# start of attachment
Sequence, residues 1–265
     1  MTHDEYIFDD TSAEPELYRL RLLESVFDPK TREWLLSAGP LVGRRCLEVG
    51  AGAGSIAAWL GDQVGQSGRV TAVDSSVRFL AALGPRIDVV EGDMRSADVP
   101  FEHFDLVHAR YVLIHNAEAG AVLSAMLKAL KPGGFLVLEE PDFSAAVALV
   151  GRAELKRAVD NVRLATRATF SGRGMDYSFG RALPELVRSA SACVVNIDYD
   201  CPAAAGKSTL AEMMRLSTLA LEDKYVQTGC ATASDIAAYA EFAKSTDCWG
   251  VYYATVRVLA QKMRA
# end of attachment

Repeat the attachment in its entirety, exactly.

Sequence, residues 1–265
     1  MTHDEYIFDD TSAEPELYRL RLLESVFDPK TREWLLSAGP LVGRRCLEVG
    51  AGAGSIAAWL GDQVGQSGRV TAVDSSVRFL AALGPRIDVV EGDMRSADVP
   101  FEHFDLVHAR YVLIHNAEAG AVLSAMLKAL KPGGFLVLEE PDFSAAVALV
   151  GRAELKRAVD NVRLATRATF SGRGMDYSFG RALPELVRSA SACVVNIDYD
   201  CPAAAGKSTL AEMMRLSTLA LEDKYVQTGC ATASDIAAYA EFAKSTDCWG
   251  VYYATVRVLA QKMRA